Maybe this is what makes these houses so beautiful to only certain people. Maybe you have to be damaged in some way to see the beauty behind something so decayed and to some, useless.
Built in the 30’s, the original house was specifically designed by a wealthy widow for her disabled daughter. Unfortunately the daughter died long before she was ever able to set foot in the beautiful house overlooking the Red River. After spending many years in the the 20 room house alone, it was gifted to the Alexian Brothers to be used by the Catholic Church.
With the completion of extensive renovations, the first novice class of 14 individuals arrived. In order to become more self sustainable, the property was further expanded through the purchase of an additional 172 acres adjoining the property.
Right here, in the Wisconsin wilderness, people from all over studies and prepared themselves for a lifetime of service to others under the guidance of their superiors. Even after all their time and work, changes to the church and a desire for new forms of spiritual formation led the brothers to Chicago. The now 65 room mansion overlooking the river was put up for sale. With no sale in sight, negotiations began with an organization of Indians from Green Bay.
After this plan failed, the house was left in the hands of a caretaker and his family. In 1974, the family was awoken in the middle of the night and taken hostage by armed members of the Menominee Warrior Society, who claimed the land was rightly theirs. Failing to meet a true settlement, the house continued to change hands until it fell into disuse and eventually it became the unfortunate victim of arson. All that remains is the shell of a once grand mansion.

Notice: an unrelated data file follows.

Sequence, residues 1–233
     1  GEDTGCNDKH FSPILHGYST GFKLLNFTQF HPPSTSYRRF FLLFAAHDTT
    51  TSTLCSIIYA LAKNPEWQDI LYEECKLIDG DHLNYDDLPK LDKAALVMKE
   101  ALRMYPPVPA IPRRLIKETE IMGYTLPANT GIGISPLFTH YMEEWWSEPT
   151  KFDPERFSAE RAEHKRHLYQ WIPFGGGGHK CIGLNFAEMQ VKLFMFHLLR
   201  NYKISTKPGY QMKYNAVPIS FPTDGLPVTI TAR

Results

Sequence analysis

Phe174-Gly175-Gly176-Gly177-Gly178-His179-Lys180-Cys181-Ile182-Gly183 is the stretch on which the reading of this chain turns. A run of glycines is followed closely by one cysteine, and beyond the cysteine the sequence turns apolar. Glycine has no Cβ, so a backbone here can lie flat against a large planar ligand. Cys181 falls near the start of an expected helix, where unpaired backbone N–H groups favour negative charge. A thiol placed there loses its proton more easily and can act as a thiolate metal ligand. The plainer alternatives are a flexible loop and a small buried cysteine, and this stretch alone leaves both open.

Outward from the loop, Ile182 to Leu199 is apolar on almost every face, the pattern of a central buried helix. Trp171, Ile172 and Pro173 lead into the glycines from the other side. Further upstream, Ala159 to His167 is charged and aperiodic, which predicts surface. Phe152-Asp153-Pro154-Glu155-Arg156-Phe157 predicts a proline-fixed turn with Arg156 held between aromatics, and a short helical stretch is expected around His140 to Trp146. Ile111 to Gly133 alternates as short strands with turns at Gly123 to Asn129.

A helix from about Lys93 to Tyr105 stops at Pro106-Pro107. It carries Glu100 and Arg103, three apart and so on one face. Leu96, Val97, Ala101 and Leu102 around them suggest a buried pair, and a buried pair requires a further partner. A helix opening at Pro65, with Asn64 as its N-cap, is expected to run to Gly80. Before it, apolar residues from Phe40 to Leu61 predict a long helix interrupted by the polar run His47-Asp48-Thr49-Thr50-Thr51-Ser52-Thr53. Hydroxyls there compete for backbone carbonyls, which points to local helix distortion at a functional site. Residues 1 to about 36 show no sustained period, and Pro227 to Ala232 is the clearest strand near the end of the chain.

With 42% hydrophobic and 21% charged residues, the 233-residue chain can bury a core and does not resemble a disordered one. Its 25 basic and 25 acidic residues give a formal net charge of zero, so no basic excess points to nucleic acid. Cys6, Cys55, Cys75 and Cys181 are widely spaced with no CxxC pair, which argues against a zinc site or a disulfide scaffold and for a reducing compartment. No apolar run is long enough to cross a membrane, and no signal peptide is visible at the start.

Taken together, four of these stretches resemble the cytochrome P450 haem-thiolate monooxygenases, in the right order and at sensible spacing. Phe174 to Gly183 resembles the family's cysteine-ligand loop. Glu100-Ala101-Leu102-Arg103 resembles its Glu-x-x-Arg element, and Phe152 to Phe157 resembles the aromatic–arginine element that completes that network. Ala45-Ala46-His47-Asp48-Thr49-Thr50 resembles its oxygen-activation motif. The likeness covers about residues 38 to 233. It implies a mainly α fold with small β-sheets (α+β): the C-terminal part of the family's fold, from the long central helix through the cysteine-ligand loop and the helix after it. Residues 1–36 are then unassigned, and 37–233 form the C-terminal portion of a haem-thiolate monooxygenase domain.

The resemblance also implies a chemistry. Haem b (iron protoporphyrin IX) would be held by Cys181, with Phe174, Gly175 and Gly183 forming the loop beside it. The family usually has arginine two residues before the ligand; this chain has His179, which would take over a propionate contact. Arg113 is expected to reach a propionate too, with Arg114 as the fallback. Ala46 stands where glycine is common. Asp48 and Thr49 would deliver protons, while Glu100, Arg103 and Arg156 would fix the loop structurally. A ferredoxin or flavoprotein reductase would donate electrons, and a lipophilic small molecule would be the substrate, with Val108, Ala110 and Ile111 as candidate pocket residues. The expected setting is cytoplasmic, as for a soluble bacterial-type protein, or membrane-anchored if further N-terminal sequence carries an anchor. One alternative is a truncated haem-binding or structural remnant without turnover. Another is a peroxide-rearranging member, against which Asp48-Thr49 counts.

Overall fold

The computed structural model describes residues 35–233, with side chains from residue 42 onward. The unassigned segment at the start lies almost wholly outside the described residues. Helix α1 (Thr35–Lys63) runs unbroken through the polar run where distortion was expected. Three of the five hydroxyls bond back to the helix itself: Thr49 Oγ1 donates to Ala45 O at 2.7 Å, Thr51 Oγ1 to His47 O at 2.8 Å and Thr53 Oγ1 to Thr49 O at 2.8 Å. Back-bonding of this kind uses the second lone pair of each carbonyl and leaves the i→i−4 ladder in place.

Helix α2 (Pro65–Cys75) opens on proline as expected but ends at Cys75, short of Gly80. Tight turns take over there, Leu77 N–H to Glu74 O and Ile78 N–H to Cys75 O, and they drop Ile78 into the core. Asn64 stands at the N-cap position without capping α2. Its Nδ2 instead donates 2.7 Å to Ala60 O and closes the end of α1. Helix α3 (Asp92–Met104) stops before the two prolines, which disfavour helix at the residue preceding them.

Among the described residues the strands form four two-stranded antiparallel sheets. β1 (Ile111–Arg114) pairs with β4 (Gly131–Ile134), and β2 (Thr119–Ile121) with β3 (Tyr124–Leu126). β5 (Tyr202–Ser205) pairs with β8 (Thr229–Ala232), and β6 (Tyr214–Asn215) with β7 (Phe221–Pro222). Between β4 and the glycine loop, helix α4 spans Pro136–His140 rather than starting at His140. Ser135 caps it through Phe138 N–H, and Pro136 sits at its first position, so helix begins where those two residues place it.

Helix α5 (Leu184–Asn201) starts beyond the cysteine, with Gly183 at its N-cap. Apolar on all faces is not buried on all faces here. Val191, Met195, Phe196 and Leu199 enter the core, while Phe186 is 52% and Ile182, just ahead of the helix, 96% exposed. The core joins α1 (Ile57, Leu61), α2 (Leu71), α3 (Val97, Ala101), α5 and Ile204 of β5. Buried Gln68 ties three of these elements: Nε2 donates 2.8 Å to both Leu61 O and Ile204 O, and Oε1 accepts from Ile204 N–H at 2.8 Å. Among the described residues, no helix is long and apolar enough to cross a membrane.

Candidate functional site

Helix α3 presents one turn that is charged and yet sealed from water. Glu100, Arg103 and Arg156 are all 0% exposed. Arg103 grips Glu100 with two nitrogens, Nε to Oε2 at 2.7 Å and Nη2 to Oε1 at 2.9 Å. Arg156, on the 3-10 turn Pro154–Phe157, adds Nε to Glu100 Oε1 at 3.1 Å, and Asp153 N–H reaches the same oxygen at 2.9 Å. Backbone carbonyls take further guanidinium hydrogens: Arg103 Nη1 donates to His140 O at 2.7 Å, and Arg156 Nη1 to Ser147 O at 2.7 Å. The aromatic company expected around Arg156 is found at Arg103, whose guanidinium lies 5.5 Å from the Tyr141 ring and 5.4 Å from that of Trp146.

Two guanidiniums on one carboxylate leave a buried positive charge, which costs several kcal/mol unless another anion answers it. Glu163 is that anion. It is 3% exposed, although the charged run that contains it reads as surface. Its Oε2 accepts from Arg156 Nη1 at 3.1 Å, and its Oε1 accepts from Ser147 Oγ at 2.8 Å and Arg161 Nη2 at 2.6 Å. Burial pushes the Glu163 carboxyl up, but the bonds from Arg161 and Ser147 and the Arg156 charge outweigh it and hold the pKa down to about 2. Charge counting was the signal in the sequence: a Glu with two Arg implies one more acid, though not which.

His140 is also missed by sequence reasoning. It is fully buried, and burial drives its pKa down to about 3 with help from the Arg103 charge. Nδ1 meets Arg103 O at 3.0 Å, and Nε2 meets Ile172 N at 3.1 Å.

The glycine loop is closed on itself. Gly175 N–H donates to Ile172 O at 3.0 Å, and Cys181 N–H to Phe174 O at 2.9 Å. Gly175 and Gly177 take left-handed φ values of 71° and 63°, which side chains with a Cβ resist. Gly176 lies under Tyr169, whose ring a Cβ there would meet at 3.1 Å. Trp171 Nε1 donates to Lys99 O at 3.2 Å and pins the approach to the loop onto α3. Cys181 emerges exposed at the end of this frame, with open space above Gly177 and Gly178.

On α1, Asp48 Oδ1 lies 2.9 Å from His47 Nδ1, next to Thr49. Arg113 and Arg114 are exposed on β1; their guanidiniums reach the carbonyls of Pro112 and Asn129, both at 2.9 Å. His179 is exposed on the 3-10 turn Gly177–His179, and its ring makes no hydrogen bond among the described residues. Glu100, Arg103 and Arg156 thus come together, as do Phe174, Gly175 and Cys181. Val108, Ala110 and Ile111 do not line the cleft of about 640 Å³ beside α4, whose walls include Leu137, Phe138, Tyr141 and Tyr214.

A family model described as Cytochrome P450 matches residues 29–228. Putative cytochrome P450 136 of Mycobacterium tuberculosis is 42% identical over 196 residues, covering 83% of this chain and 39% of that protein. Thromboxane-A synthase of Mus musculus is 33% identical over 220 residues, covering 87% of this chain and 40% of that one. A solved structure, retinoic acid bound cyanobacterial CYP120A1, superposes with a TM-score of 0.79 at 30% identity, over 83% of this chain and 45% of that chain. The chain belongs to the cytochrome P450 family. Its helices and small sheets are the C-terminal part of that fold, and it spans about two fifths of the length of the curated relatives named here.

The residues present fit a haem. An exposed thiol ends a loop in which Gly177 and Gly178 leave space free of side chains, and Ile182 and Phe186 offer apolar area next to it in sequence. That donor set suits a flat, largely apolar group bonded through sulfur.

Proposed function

While fairly normal looking on the outside, after seeing a fellow explorer’s images, I knew I had to find it. With countless hours logged on google maps and a six hour drive, I was standing in front of one of the single most extraordinary locations I have yet to encounter in my years of searching. I introduce you to The Hoffman Book House.
Although my inquiries haven’t led to much information regarding the previous owners, this house doesn’t need a documented history to make it spectacular. For anyone who is a true book lover like myself, it is both mesmerizing and heartbreaking to see the thousands of deteriorating pages and forgotten stories.
While they may be too far gone to save now, they serve as a testament to what it means to have a true passion for knowledge and the written word. While searching the covers, we came across everything; Classic children’s stories and picture books, instruction manuals and encyclopedias, books of poetry and church hymns, old mysteries and new romances. It would be easy to get lost in this house for days on end, just touching each different cover.
You can’t help but wonder; Who built this library of treasures? Where they a librarian or teacher? Or did they simply love getting lost in the words. As I continue filling my shelves and building a library of my own, I only hope that my books will continue to be cherished long after I am gone, even if it is just through the simple beauty of decay.